How Your Financial Future Will Be Nothing Like Your Dad’s
Father’s Day is a time to celebrate fathers and families, traditions and changes. But some traditions are changing faster than others — especially where money is involved. One thing that good fathers have been doing for generations is passing down their knowledge of saving, spending, investing and earning. Some of those lessons are timeless. Others are quite temporary.
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The most obvious change that today’s young people will notice about money compared to generations past is the form taken by the money itself.
“The immediate financial future for young people will no longer be held in cash,” said Scott Nelson, founder of MoneyNerd. “Already today and certainly in 10 years’ time, young people will not ask their parents for a couple of dollars to run down to the shops but instead, their allowance will be added to a card and the child will use Apple Pay to buy their sweets. Even further into the future, I imagine cryptocurrency will take over entirely from cash, but more so now from contactless payments and smart accounts. Once crypto settles down, prices become tangible to goods and mining becomes sustainable, kids won’t be paying with crumpled up notes or warm coins from being held tight in a kids hand, but from watches, microchips, and using original-mined cryptocurrency — a little different to 25 years ago.”
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There was always a class of conservative investments that generations of Americans shifted to as they aged. Some of them are already cruising toward obsolescence.
“When my dad retired, he could take out an annuity that gave him a return that was comfortably above the rate of inflation,” said Simon Popple, author of the Brookville Capital Intelligence Report. “Bonds and other low-cost fixed income instruments also paid a decent coupon. That’s no longer the case, so the younger generation needs to be more creative about how they create wealth. There are many of our father’s footsteps we want to follow, but this is not one.”
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In Your Dad’s Time, Investing Was Not for the Everyman
Today, kids just out of high school can get invested in the stock market with pocket change — literally, with apps like Acorns — or with just a few bucks through a free online broker. Until fairly recently, that was the stuff of pipe dreams.
“These days, anyone can easily invest,” said Alexander Lowry, executive director of the Career and Connection Institute and executive director of the Master of Science in Financial Analysis program at Gordon College. “There are no barriers to entry. The cost to trade stocks is zero for so many brokerages. In fact, it’s even fun to trade. The Robinhood app is built like a game — and you don’t need much money, as on their platform you can buy fractions of a share.”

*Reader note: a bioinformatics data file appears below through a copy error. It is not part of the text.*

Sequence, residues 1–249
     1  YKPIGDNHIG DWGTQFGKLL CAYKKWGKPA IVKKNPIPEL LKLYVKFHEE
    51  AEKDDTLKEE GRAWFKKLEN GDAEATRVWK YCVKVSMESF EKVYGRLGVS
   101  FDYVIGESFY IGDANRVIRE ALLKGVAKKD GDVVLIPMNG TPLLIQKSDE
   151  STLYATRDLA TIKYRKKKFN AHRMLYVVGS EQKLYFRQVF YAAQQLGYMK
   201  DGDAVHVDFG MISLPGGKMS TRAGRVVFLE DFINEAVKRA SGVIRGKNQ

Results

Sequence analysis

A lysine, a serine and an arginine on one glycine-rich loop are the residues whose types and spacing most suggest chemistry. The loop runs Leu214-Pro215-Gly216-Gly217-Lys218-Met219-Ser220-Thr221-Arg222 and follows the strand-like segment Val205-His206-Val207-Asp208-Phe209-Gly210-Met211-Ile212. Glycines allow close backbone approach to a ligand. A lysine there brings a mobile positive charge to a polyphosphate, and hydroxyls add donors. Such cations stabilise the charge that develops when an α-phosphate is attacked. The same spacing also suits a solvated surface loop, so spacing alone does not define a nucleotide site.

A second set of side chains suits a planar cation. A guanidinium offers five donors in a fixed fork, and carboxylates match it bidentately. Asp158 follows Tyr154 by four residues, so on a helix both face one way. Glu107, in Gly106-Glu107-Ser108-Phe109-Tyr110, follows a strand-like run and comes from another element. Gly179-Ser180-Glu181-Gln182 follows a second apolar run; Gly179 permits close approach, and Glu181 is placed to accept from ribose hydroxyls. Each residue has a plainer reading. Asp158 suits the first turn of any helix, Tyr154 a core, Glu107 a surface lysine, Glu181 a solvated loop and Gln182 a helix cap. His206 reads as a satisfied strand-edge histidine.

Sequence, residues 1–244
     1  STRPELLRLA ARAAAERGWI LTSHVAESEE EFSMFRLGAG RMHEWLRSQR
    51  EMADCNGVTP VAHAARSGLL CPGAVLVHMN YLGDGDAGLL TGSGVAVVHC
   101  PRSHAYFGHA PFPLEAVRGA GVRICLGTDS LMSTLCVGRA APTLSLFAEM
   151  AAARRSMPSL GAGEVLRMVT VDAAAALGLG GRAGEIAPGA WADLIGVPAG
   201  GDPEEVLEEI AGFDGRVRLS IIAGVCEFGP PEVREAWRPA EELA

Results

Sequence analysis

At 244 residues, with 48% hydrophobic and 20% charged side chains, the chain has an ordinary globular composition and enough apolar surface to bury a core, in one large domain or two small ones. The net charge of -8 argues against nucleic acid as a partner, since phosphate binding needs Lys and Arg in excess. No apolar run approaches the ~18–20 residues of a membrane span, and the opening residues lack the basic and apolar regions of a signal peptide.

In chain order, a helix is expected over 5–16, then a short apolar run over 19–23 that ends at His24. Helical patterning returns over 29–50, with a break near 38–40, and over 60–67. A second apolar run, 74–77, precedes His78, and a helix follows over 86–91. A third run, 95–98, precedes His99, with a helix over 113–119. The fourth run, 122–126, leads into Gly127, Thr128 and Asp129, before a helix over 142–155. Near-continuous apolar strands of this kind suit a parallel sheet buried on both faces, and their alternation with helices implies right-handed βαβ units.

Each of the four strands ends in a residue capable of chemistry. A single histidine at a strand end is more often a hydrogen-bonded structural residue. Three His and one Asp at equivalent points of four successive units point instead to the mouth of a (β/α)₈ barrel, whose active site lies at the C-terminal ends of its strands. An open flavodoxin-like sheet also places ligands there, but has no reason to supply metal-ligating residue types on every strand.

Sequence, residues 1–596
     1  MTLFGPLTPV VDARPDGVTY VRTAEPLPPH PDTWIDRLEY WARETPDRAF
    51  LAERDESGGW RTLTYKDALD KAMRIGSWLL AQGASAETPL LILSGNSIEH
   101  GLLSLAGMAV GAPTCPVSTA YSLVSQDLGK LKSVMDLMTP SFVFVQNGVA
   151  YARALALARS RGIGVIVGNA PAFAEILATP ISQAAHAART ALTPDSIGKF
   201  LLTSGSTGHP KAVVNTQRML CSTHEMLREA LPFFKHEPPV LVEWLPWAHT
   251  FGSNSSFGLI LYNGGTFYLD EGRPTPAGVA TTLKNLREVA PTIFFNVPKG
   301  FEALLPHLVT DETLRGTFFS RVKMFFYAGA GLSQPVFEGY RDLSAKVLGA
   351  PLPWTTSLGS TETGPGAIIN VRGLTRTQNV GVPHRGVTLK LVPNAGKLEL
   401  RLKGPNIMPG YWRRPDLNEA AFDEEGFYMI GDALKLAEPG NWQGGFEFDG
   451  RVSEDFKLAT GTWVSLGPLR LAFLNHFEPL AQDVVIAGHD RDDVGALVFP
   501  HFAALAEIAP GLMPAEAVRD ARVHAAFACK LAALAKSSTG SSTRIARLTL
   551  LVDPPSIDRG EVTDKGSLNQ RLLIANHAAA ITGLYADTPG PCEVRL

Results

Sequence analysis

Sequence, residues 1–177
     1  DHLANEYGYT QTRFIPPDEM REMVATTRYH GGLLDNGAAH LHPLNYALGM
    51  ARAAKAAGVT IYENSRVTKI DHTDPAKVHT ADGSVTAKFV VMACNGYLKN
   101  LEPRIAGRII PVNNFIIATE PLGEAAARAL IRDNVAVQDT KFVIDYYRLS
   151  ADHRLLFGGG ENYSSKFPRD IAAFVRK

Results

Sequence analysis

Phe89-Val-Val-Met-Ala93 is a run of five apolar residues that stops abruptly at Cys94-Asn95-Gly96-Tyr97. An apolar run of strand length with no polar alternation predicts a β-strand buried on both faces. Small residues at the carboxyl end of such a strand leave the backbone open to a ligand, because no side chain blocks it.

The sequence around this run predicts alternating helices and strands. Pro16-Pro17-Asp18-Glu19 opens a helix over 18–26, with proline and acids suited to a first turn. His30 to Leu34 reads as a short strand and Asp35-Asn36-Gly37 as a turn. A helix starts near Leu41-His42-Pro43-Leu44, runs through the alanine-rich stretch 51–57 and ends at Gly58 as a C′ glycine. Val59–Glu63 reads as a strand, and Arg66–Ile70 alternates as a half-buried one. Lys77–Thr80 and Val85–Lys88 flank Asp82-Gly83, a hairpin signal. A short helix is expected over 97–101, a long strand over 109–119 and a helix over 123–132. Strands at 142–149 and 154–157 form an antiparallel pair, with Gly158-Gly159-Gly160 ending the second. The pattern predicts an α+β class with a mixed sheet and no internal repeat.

Back in your dad’s day, however, savings accounts were for regular schmos. Investing was for the elite who could afford it.
“Compare that to when my dad was investing,” Lowry said. “In 1970, with inflation and lousy returns ravaging the markets, the New York Stock Exchange imposed a $15 transaction fee on stock trades. The cost of trading 100 shares of a $20 stock went up around 50%. What a terrible deal for individual investors.”
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Achieving the Dream of Homeownership Was Less of a Nightmare for Your Dad
If you believe what you read on Facebook, boomers love nothing more than crabbing about those pesky millennials — who are as old as 40 now, by the way — cruising their whole lives on Easy Street. However, it seems their memories are often selective.
“Your father thinks you have it easy, but forgets he was part of a generation that could buy a house on a wage from unskilled work at 21,” said Dubai-based financial consultant Shauna Callaghan of Another Day Another Dirham. “In that vein, it’s your father’s generation refusing to reduce any gains on their property that leaves you unable to afford to buy a home of your own.
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Another difference is the way you’ll make the money to buy that house compared to generations past.
“Your father more than likely headed off each morning to the same job for decades,” Callaghan said. “You, in turn, were taught to seek fulfillment, follow your dreams, and make a difference. Employers these days hire slow, fire fast, and don’t care too much about your aspirations. Job safety, massive pension contributions, and loyalty don’t exist for you like they did your father.”
Also, the dollars earned at those jobs now buy a whole lot less.
“Inflation existed in your dad’s days as it does now,” Callaghan said. “Although 2% of $0.83 isn’t as noticeable as it is on $3.60 per gallon of milk. Your problem is that wages haven’t inflated along with prices. It’s not that prices have increased, your spending power is decreased and your ability to spend is inhibited by a stunted salary.”
Finally, this generation’s entrepreneurs — just like this generation’s investors — face far fewer barriers to entry and have a much better shot at actually leaving their jobs and bosses behind.
“Starting your own business is easier, cheaper and a more realistic option for you than it was for him,” Callaghan said. “Billboards and TV ads aren’t necessary anymore. Social media has made everything faster, cheaper, and more accessible.”
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